Equipment Shortage Hampers U.S. Oil Drilling

High demand on gas and oil supplies has revived domestic oil exploration in the United States — but it has also caused a shortage of oil rigs and other drilling equipment. Janet Heimlich visits an oil producer and a rig refurbishing business in Texas to highlight what firms are doing to deal with a limited supply of vital parts.

ALEX CHADWICK, host:

This is DAY TO DAY from NPR News. Oil and energy for the next few moments. I'm Alex Chadwick.

MADELEINE BRAND, host:

And I'm Madeleine Brand. Even though oil and natural gas are more expensive now, many domestic energy companies are having trouble turning those high prices into higher profits. That's because there is also a shortage of rigs for drilling. Janet Heimlich reports from west Texas.

JANET HEIMLICH reporting:

Terry Duffy owns a twenty-well oil company in Midland, Texas called Everquest Energy. Small companies like Duffy's make up a majority of the industry. He also owns a couple square miles of untapped property. The trouble is, he can't figure out just how much oil and gas is underneath it, because he can't find a drilling rig.

Mr. TERRY DUFFY (Owner, Everquest Energy): So now, I'm having to fight for rigs and equipment. You know, if I want to take advantage of these higher oil and gas prices, I've got to fight the fight of getting the equipment.

HEIMLICH: That means calling all the drilling contractors in the area and getting on waiting lists. These companies rent rigs to energy companies. Duffy is even willing to pay the high rates they're charging. He says drilling rigs in west Texas are renting for $18,000 a day, double what they cost a few years ago.

Mr. DUFFY: If you want the drilling rig, you're going to have to play by their rules.

HEIMLICH: But even then, Duffy says he's still getting nosed out. He says large energy companies are negotiating longterm contracts with rig suppliers, leaving few for the little guys.

Richard Mason publishes The Land Rig Newsletter in Lubbock. He says these perfect storm conditions, where high demand is met with low supply, happen only once a generation.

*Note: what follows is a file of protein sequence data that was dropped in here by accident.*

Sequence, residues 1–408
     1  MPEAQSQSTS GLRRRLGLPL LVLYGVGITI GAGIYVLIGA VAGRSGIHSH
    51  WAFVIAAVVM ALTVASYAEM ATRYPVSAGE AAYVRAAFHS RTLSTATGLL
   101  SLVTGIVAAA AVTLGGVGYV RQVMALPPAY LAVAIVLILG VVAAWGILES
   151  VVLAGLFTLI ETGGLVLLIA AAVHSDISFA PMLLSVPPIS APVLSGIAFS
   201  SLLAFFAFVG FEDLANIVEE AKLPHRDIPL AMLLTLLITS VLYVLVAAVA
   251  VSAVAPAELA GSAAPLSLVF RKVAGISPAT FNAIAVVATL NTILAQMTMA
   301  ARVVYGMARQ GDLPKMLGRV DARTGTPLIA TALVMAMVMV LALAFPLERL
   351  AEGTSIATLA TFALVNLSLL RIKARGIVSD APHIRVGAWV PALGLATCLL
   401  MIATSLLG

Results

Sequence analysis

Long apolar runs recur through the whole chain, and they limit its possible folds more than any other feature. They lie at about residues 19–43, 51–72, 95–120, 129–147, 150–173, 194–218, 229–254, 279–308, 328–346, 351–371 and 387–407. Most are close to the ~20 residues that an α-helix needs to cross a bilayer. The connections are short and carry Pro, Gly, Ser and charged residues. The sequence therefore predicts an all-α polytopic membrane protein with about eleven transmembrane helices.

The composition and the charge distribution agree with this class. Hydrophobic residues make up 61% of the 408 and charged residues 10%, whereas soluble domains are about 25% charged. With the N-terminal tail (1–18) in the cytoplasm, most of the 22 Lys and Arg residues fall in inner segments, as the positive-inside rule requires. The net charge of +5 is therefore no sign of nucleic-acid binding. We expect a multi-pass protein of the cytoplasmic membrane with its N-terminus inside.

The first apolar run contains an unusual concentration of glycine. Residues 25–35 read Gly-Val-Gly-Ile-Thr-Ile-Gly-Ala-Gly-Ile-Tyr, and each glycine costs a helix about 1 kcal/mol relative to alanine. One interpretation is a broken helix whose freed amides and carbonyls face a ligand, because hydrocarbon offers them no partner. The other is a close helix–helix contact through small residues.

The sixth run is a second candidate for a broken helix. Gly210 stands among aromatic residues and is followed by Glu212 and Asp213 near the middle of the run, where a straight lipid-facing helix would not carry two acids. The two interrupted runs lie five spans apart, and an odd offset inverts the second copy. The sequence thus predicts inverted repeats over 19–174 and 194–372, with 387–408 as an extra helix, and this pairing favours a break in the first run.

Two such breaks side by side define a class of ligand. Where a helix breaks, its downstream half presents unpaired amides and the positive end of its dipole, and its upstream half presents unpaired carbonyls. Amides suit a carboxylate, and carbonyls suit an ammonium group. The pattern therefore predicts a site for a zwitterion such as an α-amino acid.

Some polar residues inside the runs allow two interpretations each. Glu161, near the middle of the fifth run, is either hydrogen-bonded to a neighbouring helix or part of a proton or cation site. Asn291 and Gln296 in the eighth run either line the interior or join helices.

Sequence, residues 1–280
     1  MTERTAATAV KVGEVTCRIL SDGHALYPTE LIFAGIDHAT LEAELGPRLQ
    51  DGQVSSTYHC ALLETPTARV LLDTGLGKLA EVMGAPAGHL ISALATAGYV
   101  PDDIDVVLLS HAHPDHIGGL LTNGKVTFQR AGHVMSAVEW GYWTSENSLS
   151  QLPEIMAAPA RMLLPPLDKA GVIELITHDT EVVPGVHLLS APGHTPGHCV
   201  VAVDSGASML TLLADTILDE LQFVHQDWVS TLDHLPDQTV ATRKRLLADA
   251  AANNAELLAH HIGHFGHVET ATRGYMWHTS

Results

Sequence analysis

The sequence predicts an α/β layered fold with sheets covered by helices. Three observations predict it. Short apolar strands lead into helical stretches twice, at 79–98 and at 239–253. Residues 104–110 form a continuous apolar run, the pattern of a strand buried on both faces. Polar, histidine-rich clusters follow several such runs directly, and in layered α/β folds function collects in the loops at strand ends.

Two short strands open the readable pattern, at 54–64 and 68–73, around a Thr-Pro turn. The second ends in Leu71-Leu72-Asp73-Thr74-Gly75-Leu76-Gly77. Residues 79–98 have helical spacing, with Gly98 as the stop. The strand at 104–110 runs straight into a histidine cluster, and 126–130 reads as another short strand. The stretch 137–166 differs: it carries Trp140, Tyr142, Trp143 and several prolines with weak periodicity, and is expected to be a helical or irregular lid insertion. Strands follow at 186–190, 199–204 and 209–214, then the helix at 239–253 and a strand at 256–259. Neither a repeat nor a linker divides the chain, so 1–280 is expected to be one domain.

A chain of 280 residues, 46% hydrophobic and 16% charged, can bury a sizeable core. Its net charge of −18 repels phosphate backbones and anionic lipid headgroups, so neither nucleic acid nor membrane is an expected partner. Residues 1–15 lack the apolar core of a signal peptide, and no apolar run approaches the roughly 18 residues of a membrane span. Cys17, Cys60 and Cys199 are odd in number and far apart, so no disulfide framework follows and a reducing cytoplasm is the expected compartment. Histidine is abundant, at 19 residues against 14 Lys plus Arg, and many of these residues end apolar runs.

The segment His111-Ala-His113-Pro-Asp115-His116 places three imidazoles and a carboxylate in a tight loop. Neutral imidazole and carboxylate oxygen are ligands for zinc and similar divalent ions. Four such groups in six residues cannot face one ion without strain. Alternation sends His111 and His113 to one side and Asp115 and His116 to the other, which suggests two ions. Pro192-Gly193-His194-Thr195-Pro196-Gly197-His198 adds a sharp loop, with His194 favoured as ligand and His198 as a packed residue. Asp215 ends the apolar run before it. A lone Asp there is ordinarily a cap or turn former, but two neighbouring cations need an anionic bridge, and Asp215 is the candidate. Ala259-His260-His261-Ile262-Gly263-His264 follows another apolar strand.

Mr. RICHARD MASON (Publisher, The Land Rig Newsletter): If you're not early in the line, you may find that, instead of getting a rid within a week or two weeks, you're suddenly waiting six months to a year, or even longer.

HEIMLICH: Today, there are fewer than 5,000 active drilling and service rigs in the U.S., half of those available during the boom of the early 1980s. Since then, Mason says, the oil and gas industry has spent much of its time wallowing in a low price market.

Mr. MASON: And that caused the infrastructure to deteriorate, and as a result, a lot of what was present and available to work, to meet a boom time scenario, has since been exported or sold for scrap.

HEIMLICH: But there are still a bunch of rigs left over from the old days. Many haven't been used in a while and are in disrepair, but add a little TLC, and they're back in business.

Here at this repair center in Odessa, crews are refurbishing old rusty service rigs. They look like drilling rigs, but are designed to repair wells. The shop is run by Houston-based Key Energy Services, the nation's largest supplier of service rigs. Rio Brownley(ph) is Key Energy's division manager for west Texas.

Mr. RIO BROWNLEY (Division Manager, Key Energy Services): Some of these mains on these older rigs are cracked, and they've got problems. So that's why we've determined the best process is going here and completely redo all of this, so that it is like a new rig coming out.

HEIMLICH: Key Energy says it plans to turn out about 60 refurbished rigs this year. Company officials say they have to charge the high rental rates. It costs about $500,000 to refurbish a rig, about twice what it cost just a few years ago. Rio Brownley says the company is also building 30 more new rigs in China.

Mr. BROWNLEY: Right now, the manufacturing centers in the United States are two and three years out.

HEIMLICH: But some energy companies have had it with the high rates, and are taking an unusual step. They're contracting directly with manufacturers to build new rigs. Today, Mike Cowan walks around his 25-acre yard. His small company, M.D. Cowan, builds drilling rigs from scratch. Here crews are welding parts and inspecting completed rigs. Cowan says he'll build about 20 rigs this year.

Mr. MIKE COWAN (Owner, M.D. Cowan, Inc.): We've had some delays. This rig is late. I'm late on the rig on the corner. I sold it. It goes to a company in Midland that's run by a friend of mine, thank goodness.

HEIMLICH: But he says most of his orders will ship on time, thanks to a lot of preplanning.

Mr. COWAN: We order in advance. We've got engines bought for next year. We've got swivels for this rig bought for next year.

HEIMLICH: Cowan says he used to sell to drilling contractors, but now nearly all his customers are oil and gas companies.

Mr. COWAN: And if they can't get rigs, or make a favorable with a drilling contractor, they're going to come to me, and I'm going to build them some drilling rigs. And they're going to staff them, and they're going to go do it themselves.

HEIMLICH: Cowan says his customers are willing to pay from seven to 11 million dollars for a drilling rig. Analysts say the rig shortage will probably continue for about a year, at which time the supply should finally meet up with demand. For NPR News, I'm Janet Heimlich.

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